Refuting Salman Rushdie Satanic Verse
CREDIT : www.islamic-awareness.org/Polemics/sverses.html
“Those Are The High Flying Claims”
M S M Saifullah, Qasim Iqbal, Mansur Ahmed & Muhammad Ghoniem
© Islamic Awareness, All Rights Reserved.
Last Modified: 23th August 1999
Assalamu-`alaikum wa rahamatullahi wa barakatuhu:
We would like to discuss some of the claims of a Christian missionary concerning the so-called ‘Satanic verses’. The gist of the missionary’s argument is in the last paragraph, which we have divided into various points for the sake of refutation:
But, to repeat, Rushdie did not originate the satanic verses. Nor did Jews, Christians or other non-Muslims. The sources for the satanic verses, at-Tabari and Ibn Sa’d, are reputable Muslim sources for early Quranic commentary and Islamic history. Muslims today who simply dismiss the account of these writers as fabricated and unhistorical must at least answer the question why such reputable persons would fabricate it. The question is not new. But, it seems, a serious Muslim response is hard to find.
We agree that Salman Rushdie did not originate the so-called ‘Satanic’ verses. In the Islamic sources the whole saga is known as Hadith al-Gharaniq al-cUla; therefore neither are the Islamic sources responsible for such a theatrical title. Who then coined the term ‘Satanic verses’? As the tradition of defamation against Islam demonstrates, it could only have been Christian missionaries. Indeed, it was an English missionary, the belligerent Sir William Muir, who fashioned the term ‘Satanic verses’.
The word Maometis means The number of the beast, i.e., 666, by which Muhammad(P) was known in the Middle Ages. The names Mahoun and Mahound refer to Muhammad(P), imagined by credulous Europeans to be a pagan God. These derogatory names were concocted by “love-thy-neighbor”, “turn-thy-cheek” Christians who maintained an open policy of defamation against Islam and Muhammad(P) throughout the Middle Ages. Apparently, this policy still exists today, though in a more sophisticated apparatus.
Now let us address the statements from the Christian missionary:
The sources for the satanic verses, at-Tabari and Ibn Sa’d, are reputable Muslim sources for early Quranic commentary and Islamic history.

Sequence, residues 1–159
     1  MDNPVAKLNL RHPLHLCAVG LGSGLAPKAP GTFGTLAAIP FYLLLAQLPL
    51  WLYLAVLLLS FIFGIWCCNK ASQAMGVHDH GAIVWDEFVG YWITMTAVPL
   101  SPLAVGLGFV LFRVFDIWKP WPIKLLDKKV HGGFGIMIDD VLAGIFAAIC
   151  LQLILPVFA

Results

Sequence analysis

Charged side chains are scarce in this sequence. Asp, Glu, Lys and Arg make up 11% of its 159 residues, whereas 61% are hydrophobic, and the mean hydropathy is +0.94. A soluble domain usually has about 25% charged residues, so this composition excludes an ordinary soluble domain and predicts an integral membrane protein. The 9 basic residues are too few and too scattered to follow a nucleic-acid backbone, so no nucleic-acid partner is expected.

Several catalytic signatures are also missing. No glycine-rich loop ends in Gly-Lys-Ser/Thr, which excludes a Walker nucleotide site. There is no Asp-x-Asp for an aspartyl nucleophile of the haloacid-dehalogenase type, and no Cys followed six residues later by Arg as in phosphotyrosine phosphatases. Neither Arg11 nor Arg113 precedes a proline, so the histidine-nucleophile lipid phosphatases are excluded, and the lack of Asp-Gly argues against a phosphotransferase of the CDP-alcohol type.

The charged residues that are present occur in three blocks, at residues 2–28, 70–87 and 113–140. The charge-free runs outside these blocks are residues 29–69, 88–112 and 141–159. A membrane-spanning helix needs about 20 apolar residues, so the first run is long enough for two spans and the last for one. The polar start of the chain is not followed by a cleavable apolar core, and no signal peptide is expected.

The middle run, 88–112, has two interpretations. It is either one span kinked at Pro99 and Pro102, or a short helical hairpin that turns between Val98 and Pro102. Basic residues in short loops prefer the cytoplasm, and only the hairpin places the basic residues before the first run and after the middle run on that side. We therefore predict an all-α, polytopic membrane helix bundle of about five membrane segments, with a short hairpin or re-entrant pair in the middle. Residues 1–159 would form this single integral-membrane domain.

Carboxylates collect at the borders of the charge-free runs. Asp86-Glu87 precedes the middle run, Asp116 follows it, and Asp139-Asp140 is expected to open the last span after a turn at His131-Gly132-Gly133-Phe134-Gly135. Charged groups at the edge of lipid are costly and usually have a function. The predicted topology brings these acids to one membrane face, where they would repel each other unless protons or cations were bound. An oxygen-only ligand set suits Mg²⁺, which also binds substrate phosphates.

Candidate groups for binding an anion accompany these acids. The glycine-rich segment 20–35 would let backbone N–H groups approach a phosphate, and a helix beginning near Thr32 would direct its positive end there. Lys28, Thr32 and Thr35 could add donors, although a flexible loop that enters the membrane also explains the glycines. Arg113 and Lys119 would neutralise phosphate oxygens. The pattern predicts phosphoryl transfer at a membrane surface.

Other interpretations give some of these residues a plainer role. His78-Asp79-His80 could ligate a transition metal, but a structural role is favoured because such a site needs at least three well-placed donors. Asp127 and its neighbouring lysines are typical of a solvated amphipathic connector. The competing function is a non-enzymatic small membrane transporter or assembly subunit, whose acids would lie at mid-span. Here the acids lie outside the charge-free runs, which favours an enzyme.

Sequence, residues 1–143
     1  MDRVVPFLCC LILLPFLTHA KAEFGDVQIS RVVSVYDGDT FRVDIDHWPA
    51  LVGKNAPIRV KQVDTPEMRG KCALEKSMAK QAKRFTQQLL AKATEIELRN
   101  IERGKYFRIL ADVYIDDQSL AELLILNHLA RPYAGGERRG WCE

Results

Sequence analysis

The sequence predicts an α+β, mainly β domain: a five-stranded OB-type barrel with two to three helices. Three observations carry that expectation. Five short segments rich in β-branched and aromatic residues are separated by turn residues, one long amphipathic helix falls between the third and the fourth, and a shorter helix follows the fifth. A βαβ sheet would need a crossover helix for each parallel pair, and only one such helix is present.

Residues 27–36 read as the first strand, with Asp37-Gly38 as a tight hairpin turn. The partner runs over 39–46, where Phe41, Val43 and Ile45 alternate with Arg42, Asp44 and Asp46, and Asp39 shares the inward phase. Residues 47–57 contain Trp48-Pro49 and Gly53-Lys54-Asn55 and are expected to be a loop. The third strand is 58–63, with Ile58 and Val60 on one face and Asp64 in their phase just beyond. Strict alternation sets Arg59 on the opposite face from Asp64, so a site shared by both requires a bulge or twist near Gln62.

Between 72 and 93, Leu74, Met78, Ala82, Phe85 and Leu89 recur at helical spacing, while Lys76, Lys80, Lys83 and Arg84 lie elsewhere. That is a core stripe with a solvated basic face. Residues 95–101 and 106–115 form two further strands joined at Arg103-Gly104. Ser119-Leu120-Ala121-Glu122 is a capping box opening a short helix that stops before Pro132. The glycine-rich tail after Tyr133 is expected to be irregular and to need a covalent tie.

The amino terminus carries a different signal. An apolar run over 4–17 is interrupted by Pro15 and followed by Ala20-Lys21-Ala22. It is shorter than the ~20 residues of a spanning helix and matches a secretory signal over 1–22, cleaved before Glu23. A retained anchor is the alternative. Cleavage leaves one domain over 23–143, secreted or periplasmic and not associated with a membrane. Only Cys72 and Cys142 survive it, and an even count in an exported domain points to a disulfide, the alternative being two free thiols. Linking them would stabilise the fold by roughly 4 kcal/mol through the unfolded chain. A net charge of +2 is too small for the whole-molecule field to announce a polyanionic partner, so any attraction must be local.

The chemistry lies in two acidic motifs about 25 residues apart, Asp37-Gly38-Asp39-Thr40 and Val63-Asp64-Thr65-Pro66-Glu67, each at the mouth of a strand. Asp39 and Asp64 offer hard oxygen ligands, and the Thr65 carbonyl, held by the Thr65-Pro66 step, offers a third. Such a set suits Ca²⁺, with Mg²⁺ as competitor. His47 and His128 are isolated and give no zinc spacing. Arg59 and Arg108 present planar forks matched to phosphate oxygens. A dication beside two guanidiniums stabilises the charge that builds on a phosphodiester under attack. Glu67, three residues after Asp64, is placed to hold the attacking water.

Where do Ibn Jarir al-Tabari (d. 310/923) and Ibn Sa’d claim to be the sources of the so-called ‘Satanic verses’? It is precisely the opposite. They have only transmitted the story as it was transmitted to them. Al-Tabari mentions the so-called ‘Satanic verses’ story in his Tarikh as well as an important set of statements in the introduction of his book, which states:
Let him who examines this book of mine know that I have relied, as regards everything I mention therein which I stipulate to be described by me, solely upon what has been transmitted to me by way of reports which I cite therein and traditions which I ascribe to their narrators, to the exclusion of what may be apprehended by rational argument or deduced by the human mind, except in very few cases. This is because knowledge of the reports of men of the past and of contemporaneous views of men of the present do not reach the one who has not witnessed them nor lived in their times except through the accounts of reporters and the transmission of transmitters, to the exclusion of rational deduction and mental inference. Hence, if I mention in this book a report about some men of the past, which the reader of listener finds objectionable or worthy of censure because he can see no aspect of truth nor any factual substance therein, let him know that this is not to be attributed to us but to those who transmitted it to us and we have merely passed this on as it has been passed on to us.
Thus, al-Tabari faithfully displayed these accounts in the exact manner through which he received them. Can he then be held liable if any objectionable accounts should arise? To translate this into laymen’s terms, al-Tabari has simply refused accountability by avoiding the task of historical criticism. Therefore, any spurious accounts are not to be attributed to him.
This would not be difficult to understand, given the fact that the so-called ‘Satanic verses’ were transmitted from al-Waqidi to Ibn Sa’d. Ibn Sa’d (d. 230/845), who was the secretary of al-Waqidi (d. 207/823), also assumed the role of a mere transmitter by citing the text and its isnad. Concerning the two historians, al-Waqidi and Ibn Sa’d, the contemporary scholar, Tarif Khalidi, says:
For it is clear that Waqidi is in fact the senior partner. Ibn Sa’d, known of course as ‘katib al-Waqidi’, was a secretary-editor of his master and of the materials he had assembled and then amplified.
In other words, neither al-Waqidi nor Ibn Sa’d were eye-witnesses to the revelation of ‘Satanic verses’; they were simply the transmitters.
It is also worthwhile to mention that:
… Waqidi was attacked for loose isnad usage by strict practitioners of Hadith…
Claiming that the issue of so-called ‘Satanic verses’ incident is true just because al-Tabari or Ibn Sa’d mentioned them amounts to a deliberate distortion of the facts.
Now we will address the issue of why Muslims today simply dismiss the account mentioned by these two writers. To begin with, Muslims exegetes in the past have dismissed these accounts, too. This is not something new. Michael Fischer and Mehdi Abedi, writing on the issue of Salman Rushdie’s novel The Satanic Verses as well as the Islamic account of the so-called ‘Satanic’ verses, say (and notice their curious argument):